Proving beer lovers can be productive members of society, Philly's own homebrew honcho George Hummel just dropped a guide/ recipe book giving you 200+ ideas for create-able suds, then sat down to give us the lowdown on the tome, dish a few home-brew tips, and share the straight story on the St. Pauli Girl
So this book's got 200 recipes. What all is in there?
We're covering everything from conventional microbrew-style pale ales to stuff like a cream ale or an American light lager
Speaking of that, if someone was going to try and replicate a mass-produced American beer, what's it take?
That is a good question. Truly is. It's actually one of the hardest styles of beer to produce. The issue is that it has no flavor, and the slightest of flaws in a beverage with no flavor is very noticeable. Whereas you put the same slight off flavor into a stout that's got tons of big malt flavors and big bitter hop flavors and all kinds of roasty-toasty aromas, you might not even notice it. So tasteless beer is not very forgiving. Although very boring to drink, it's actually something that really tests the skill of a brewer. And I certainly respect the skills of brewers that can produce beers that are...that flavorless
What is the best recent trend in beer that you've seen?
I'm really happy to see a crying out for the return to some session-able beers. I'm not against unusual beers, and I'm not against double IPAs, don't get me wrong, I love that stuff. But sometimes it's nice to just have a beer you can have three or four of with your friends and watch a ball game. There's nothing wrong with "drinkable". And for that, you need a moderate alcohol, and not tons and tons of flavor, but it shouldn't be devoid of flavor. So things like pale ales and British light ales are starting to regain some appreciation that might've been lost.
What's your best tip for a first-time home brewer?
Sanitize everything that comes in contact with the beer wort. We can talk about flavors until the cows come home, and you're allowed to like what you like and not like what you don't like, and that's all well and good, but if it's got bugs in it, nobody's going to like it
What's the strongest ABV beer you've ever made, and does beer ever start to taste gross or boozy at some point, or is that impossible?
It is quite possible, I've seen it. The biggest I've ever brewed is a mead/beer combo called Bertha. When I attempted to take a hydrometer reading, the hydrometer fell over. No idea how strong it was. It took five years to carbonate, and fifteen years later it tasted wonderful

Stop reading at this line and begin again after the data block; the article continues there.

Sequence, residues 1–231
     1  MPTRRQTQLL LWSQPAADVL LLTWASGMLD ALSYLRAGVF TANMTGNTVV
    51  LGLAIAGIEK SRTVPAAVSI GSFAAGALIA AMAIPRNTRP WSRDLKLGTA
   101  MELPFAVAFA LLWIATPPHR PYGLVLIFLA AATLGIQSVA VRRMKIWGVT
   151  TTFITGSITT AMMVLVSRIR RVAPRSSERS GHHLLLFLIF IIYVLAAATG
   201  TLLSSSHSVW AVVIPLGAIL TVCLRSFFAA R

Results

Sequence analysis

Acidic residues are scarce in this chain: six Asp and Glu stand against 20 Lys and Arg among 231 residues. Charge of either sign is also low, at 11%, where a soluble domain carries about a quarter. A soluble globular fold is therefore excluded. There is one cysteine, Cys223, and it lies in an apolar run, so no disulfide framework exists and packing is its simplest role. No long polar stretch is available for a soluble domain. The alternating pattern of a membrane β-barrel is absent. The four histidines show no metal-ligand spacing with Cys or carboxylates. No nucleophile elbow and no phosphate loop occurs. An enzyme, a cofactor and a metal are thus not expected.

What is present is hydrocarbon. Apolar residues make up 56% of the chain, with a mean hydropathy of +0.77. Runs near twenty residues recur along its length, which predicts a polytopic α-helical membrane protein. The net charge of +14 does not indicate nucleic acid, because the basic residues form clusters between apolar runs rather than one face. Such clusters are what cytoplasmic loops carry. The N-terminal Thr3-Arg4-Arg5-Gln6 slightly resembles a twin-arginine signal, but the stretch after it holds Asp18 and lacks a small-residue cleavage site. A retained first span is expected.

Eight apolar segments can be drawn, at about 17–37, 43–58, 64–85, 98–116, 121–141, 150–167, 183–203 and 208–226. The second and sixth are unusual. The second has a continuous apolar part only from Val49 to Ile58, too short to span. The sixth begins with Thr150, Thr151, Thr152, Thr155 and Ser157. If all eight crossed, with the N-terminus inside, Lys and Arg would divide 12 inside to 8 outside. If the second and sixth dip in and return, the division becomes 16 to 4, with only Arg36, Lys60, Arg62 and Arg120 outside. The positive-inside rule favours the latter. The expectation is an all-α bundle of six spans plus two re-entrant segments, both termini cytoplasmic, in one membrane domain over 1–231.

How do you think Philadelphia got to be such a strong beer city?
I'd say the prominent factor that really put us completely over the top, besides the annual visits from Michael Jackson -- the beer writer, not the pedophile -- is probably Tom Peters at Monk's Cafe. He introduced a lot of interesting stuff, bringing the first draft Belgian beers to America, debuting more beers than you can probably list in your piece, and introducing more brewers to them
Which country has the most awesome beer drinkers?
Come on! Come on! What's so exciting about what goes on in Philadelphia, and the US, is that we're seeing it all. We're seeing the best from Europe, we're seeing the best from the West Coast, and we've got our own thing going on. In Europe, they just make the same classic styles they've always made, while over here we're recombining stuff and being creative, and you see a lot more interesting exciting innovations come through here. I think American beer drinkers are the best
What's a beer you would've drank while younger that would embarrass you now?
That bad, huh?
It was a bargain brand from Schmidt's, and it was $5 and change for a case of returnable pounders. And that's why they got bought
Would you ever sleep with the St. Pauli Girl?
You're aware she's a hooker, right?